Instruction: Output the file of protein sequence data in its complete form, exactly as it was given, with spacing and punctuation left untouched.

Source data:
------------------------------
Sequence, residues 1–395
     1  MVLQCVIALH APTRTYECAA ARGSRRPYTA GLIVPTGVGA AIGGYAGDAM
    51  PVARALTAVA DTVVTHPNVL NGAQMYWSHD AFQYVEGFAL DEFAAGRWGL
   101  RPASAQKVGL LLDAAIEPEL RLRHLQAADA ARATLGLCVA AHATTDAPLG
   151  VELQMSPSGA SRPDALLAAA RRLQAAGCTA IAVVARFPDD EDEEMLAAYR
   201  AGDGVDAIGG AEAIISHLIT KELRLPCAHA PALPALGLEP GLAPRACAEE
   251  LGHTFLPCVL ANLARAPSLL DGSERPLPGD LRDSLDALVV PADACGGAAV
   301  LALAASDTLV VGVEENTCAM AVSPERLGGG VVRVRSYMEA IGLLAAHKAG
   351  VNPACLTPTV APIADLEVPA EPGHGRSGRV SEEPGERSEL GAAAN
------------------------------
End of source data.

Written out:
Sequence, residues 1–395
     1  MVLQCVIALH APTRTYECAA ARGSRRPYTA GLIVPTGVGA AIGGYAGDAM
    51  PVARALTAVA DTVVTHPNVL NGAQMYWSHD AFQYVEGFAL DEFAAGRWGL
   101  RPASAQKVGL LLDAAIEPEL RLRHLQAADA ARATLGLCVA AHATTDAPLG
   151  VELQMSPSGA SRPDALLAAA RRLQAAGCTA IAVVARFPDD EDEEMLAAYR
   201  AGDGVDAIGG AEAIISHLIT KELRLPCAHA PALPALGLEP GLAPRACAEE
   251  LGHTFLPCVL ANLARAPSLL DGSERPLPGD LRDSLDALVV PADACGGAAV
   301  LALAASDTLV VGVEENTCAM AVSPERLGGG VVRVRSYMEA IGLLAAHKAG
   351  VNPACLTPTV APIADLEVPA EPGHGRSGRV SEEPGERSEL GAAAN